Do Fidget Spinners Really Help You Focus?

Fidget spinners exploded in popularity in 2017, touted as a tool to help people (especially children) focus and relieve stress. But do these little twirling toys actually help concentration, or are they just a fad distraction? Let’s take a look at the evidence.

Proponents of fidget spinners claim they can help people with attention deficit hyperactivity disorder (ADHD), autism, anxiety, or other conditions where focus and fidgeting can be an issue. The idea is that having an object to play with in your hands gives a restless body an outlet, freeing up mental energy to concentrate. There’s also something relaxing and zen-like about watching the rhythmic spinning.

On the other hand, critics argue fidget spinners are mostly just toys and provide little real benefit. They say it’s placebo effect and marketing hype. Some teachers have banned them from classrooms as unnecessary distractions.

So what does the research actually say? There have only been a handful of small studies looking specifically at fidget spinners to date. But there is decades of evidence around fidgeting in general. Let’s review some key findings:

  • A 2017 study had a group of adults perform concentration tasks while using a fidget spinner versus a control group with no spinner. There was no difference in attention between the groups. The spinners did not help or hurt focus.
  • A 2018 study of kids ages 8-12 with ADHD found fidget spinners did not improve their symptoms over standard fidget toys like squeeze balls. Spinners did show benefits for kids with autism, however.
  • A 2019 study found students tapping a fidget spinner required more brain activity to complete an assignment and took longer, indicating it hurt focus.
  • Research shows doodling and fidgeting can help focus during boring or monotonous tasks, engaging just enough brain activity to maintain concentration. But too much can become distracting.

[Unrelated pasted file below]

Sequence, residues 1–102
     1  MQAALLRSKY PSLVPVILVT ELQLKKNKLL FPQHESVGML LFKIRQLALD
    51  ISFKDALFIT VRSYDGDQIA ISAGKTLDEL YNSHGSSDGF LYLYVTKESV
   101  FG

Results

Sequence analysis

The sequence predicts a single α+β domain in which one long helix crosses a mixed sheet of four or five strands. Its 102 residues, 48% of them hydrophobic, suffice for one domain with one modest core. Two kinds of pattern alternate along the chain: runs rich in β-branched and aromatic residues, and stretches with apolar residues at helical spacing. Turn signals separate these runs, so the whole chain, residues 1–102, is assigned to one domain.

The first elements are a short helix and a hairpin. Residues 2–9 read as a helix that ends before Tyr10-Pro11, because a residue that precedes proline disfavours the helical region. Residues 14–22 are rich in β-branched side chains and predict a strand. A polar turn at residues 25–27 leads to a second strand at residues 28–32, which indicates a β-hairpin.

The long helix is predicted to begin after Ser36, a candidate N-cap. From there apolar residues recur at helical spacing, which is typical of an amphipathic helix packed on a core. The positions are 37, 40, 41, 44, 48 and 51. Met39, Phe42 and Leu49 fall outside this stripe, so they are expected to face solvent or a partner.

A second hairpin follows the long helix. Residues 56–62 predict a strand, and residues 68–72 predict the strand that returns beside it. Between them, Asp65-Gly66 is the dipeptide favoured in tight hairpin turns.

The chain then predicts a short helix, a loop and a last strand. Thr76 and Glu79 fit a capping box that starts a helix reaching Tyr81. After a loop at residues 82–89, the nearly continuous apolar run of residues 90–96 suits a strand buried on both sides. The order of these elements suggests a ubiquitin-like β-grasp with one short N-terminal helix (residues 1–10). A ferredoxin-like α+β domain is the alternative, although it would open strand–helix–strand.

• Simple, quiet fidget toys appear most helpful for focus. Noisy or visually distracting toys are more likely to pull attention away from tasks.
  • Studies on kids with ADHD show allowing short sensory breaks to fidget can improve sustained attention during long classes.
  • For ADHD, research shows movement in general helps symptoms. But the type of movement matters. Structured exercise has more benefits than unstructured fidgeting.

So based on the current limited research, it seems fidget spinners and toys are not miraculous focus tools, but not completely useless either. They may provide a modest benefit for some people, depending on the individual and context. Here are some tips for making the most of fidget toys:

  • Try different options to find what works best for you or your child’s needs. Every brain is different.
  • Use them for short sensory breaks, then put them away to sustain attention. Find a balance.
  • Be aware of noise or visual distractions. Silent, subtle toys are less disruptive in quiet settings.
  • For kids with attention difficulties, pair with other strategies like minimizing distractions, taking movement breaks, and providing structure. Fidgets alone are unlikely to “cure” attention issues.
  • For neurotypical people, fidget toys may help concentration during boring tasks, but can become a distraction during cognitively demanding work.
  • Focus is complex, involving many factors. Don’t expect any single tool to be a silver bullet.

While the hype may have gotten ahead of the science, fidget toys do appear helpful for some. But more research is still needed to clarify how and when they improve concentration. Try them out mindfully and see if they work for you situation. Finding the right fidgeting approach takes experimentation.